Sony Corp is considering a sale of its Sony/ATV Music Publishing unit, which owns the rights to most of the Beatles' songs, WSJ reports.» Read More
On Saturday John Lennon would have turned 70 and he's still playing a role in entertainment across multiple mediums.
On Wednesday morning a small pop-culture memorabilia shop in Midtown opened an 836-lot auction timed to what would have been Lennon’s 70th birthday, which is Saturday. The prized item was a set of Lennon’s fingerprints made in 1976 as part of his application for citizenship. Minimum bid: $100,000.
In what may be the most hilarious spoof of America's obsession with victimization and litigation, Foo Fighters front man Dave Grohl is "suing" glam rock band Scissor Sisters for $75 million.
How a near pristine black-and-white reel of the entire television broadcast of the deciding game of the 1960 World Series — long believed to be lost forever — came to rest in the dry and cool wine cellar of Bing Crosby’s home near San Francisco is not a mystery to those who knew him.
Monday Live Nation Entertainment shares soared over 6 percent, recovering some of its losses of the past month.
I've covering the growing business of tribute bands this week, as musicians who cover classic rock 'n' roll songs discover how to fill the void on iTunes for acts who don't allow digital downloads of their music. Is it legal?
Go to almost any park this Labor Day weekend and you might run into a band covering some of the most famous songs in rock 'n' roll. Tribute bands have multiplied, as original bands have stopped touring, or started charging too much for tickets.
Wall Street's gotten a bad rap, and CNBC's Jane Wells has found it.
At the turn of the century, London's Millennium Dome was dismissed by many as a failure and a waste of money after it did not attract the huge numbers of visitors that the government had hoped.
The pullback in consumer spending has slammed the concert business, and though Live Nation Entertainment is experimenting with new ticket-pricing models, that's not enough to assuage concerned investors' fears.
Bidders from around the world bought up Michael Jackson memorabilia worth nearly $1 million at an auction on the anniversary of his death, including $190,000 for the Swarovski-crystal-studded glove he wore on his 1984 Victory Tour.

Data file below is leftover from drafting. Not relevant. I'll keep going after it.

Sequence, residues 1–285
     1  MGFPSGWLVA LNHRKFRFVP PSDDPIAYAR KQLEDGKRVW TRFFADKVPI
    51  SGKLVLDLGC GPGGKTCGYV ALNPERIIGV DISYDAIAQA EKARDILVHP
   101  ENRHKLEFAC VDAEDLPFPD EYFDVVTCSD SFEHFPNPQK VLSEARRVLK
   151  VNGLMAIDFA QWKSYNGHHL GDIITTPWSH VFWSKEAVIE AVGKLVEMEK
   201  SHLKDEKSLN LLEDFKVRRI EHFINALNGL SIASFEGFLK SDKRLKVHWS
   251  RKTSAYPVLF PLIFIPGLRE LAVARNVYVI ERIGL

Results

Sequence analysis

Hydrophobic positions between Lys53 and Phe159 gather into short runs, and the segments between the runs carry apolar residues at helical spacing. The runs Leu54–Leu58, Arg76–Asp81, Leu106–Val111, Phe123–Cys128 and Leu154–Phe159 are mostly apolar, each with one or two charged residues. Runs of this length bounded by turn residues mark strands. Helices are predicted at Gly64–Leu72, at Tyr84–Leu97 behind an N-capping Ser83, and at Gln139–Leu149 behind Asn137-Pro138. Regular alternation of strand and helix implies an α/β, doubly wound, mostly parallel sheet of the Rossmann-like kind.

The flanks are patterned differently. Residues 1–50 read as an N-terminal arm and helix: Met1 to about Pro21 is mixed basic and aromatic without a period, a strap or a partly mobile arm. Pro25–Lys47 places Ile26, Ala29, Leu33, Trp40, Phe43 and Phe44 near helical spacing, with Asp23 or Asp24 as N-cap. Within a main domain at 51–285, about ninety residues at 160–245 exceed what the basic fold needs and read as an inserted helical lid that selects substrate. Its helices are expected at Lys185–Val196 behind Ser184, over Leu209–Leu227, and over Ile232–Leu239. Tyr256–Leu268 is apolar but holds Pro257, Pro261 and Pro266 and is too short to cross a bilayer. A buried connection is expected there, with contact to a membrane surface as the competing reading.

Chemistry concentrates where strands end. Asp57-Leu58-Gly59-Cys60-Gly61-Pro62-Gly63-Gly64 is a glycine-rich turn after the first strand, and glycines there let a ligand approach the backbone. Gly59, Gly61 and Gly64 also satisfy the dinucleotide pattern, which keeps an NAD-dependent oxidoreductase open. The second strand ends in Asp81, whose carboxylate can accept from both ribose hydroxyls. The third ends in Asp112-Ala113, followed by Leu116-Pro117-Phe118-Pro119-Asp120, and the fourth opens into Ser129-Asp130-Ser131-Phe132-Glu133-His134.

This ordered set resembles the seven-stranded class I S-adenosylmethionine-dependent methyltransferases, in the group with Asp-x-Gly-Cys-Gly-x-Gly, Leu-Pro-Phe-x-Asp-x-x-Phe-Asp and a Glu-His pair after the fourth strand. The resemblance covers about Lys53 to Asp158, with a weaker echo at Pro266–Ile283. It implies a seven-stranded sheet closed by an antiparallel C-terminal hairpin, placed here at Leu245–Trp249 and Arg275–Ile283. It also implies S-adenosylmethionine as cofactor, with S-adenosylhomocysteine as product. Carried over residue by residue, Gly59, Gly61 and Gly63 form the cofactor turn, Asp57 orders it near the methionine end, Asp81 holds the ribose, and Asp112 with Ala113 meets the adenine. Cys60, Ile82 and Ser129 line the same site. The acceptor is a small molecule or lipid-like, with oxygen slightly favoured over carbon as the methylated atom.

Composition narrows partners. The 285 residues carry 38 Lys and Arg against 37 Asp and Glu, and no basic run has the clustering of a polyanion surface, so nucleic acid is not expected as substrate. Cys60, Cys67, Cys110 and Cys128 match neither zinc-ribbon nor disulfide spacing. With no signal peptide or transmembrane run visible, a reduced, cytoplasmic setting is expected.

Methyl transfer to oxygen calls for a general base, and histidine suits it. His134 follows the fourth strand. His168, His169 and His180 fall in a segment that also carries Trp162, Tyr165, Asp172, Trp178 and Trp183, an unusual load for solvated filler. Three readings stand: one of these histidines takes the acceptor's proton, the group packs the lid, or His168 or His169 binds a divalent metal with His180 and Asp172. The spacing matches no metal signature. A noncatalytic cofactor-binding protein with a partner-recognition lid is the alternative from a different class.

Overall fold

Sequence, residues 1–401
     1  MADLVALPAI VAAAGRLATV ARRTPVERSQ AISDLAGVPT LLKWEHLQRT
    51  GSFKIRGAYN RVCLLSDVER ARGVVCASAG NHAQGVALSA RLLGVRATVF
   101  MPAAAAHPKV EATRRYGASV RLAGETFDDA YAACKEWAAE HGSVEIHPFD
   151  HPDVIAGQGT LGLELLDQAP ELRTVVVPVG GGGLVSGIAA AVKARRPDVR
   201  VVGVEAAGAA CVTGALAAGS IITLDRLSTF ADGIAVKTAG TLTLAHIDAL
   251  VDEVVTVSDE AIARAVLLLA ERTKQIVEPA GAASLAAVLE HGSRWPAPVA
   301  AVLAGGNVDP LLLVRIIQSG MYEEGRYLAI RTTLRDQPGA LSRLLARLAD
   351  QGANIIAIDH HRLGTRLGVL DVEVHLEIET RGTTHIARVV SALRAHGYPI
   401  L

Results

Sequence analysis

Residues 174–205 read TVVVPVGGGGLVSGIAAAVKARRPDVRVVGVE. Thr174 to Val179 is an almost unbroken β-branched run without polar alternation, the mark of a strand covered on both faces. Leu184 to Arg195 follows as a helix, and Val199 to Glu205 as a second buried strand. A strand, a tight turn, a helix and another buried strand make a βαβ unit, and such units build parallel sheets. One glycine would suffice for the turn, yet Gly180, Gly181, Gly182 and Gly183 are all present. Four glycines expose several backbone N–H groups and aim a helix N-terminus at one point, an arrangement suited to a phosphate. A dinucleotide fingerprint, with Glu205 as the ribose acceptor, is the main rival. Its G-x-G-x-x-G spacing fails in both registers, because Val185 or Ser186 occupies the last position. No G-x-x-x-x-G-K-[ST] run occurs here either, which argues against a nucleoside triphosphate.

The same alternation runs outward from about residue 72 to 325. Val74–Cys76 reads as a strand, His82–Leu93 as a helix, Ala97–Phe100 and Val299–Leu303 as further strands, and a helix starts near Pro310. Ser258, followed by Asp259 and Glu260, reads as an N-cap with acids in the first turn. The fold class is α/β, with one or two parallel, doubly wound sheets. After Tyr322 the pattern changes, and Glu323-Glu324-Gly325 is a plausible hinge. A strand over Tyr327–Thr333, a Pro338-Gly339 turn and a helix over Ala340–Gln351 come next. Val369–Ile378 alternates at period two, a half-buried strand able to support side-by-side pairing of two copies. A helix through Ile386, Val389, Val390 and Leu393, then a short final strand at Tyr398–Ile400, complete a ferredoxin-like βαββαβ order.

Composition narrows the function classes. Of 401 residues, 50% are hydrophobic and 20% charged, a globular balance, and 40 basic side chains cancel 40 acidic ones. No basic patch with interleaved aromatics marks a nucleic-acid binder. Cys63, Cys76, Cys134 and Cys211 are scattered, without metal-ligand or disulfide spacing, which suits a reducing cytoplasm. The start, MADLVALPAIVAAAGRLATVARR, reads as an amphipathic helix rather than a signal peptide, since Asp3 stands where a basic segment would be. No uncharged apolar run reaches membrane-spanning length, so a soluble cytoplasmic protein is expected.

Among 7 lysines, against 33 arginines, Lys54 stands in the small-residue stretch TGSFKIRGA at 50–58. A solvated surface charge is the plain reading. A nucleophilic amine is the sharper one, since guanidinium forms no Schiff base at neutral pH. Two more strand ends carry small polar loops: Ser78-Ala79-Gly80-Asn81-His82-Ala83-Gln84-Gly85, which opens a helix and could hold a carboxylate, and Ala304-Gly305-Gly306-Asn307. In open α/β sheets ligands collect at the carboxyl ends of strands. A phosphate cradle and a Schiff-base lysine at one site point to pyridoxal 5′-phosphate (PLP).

One year ago, they flooded Los Angeles and Santa Barbara by the thousands. They came from around the world—Michael Jackson fans devastated by his sudden death. The morning after he died, I reported from his star on the Hollywood Walk of Fame. People were ten deep huddling around that small spot. Traffic was a mess, as it was near the family home in Encino and up near Jackson's Neverland Ranch. Today, not so much.
All those people who said Michael Jackson might earn more in death than in life are being proved right.
Rock musician, Meat Loaf, dishes out the details of his new album and the music business today on the floor of the New York Stock Exchange.
The lyrics to the final song on the classic Beatles album "Sgt. Pepper's Lonely Hearts Club Band" have sold for $1.2 million at a New York City auction.
Los Angeles is broke. But that's no reason not to party in style, as long as it doesn't cost taxpayers. The Lakers are now world champions, and they will have a much deserved hometown parade. Team spokesman John Black tells CNBC the Lakers organization will pick up the entire cost of the celebration scheduled for Monday, which will be "close to $2 million."
New Jersey, one could argue, is the Rodney Dangerfield of America. The Garden State has been the butt of more jokes than, well, BP. And now this. Comedian Rob Ryan and "The Reel Public" have spoofed Jay-Z and Alicia Keys' "Empire State of Mind" in "Newark State of Mind."
Between the time most pop music fans ended their workdays on Monday and clocked in the next morning, two of the summer’s biggest tours vanished from the calendar: U2 postponed 16 shows, and Christina Aguilera put off 20.
At the Cannes Film Festival on Saturday, director Woody Allen said about death, "I'm strongly against it." For those in the funeral industry, death, or lack thereof, has been no laughing matter for almost a decade. Funerals and cremations are at a 20-year low.
Before his arrest on corruption charges, Wang Yi was not only a powerful financial official in the Communist party but also one of China’s most celebrated modern classical music composers. But since his detention and arrest last year, Mr Wang’s magnum opus – a symphony called Ode to China – has been dropped as a repertoire staple of the China National Symphony Orchestra and his compositions derided by formerly adoring media commentators and critics.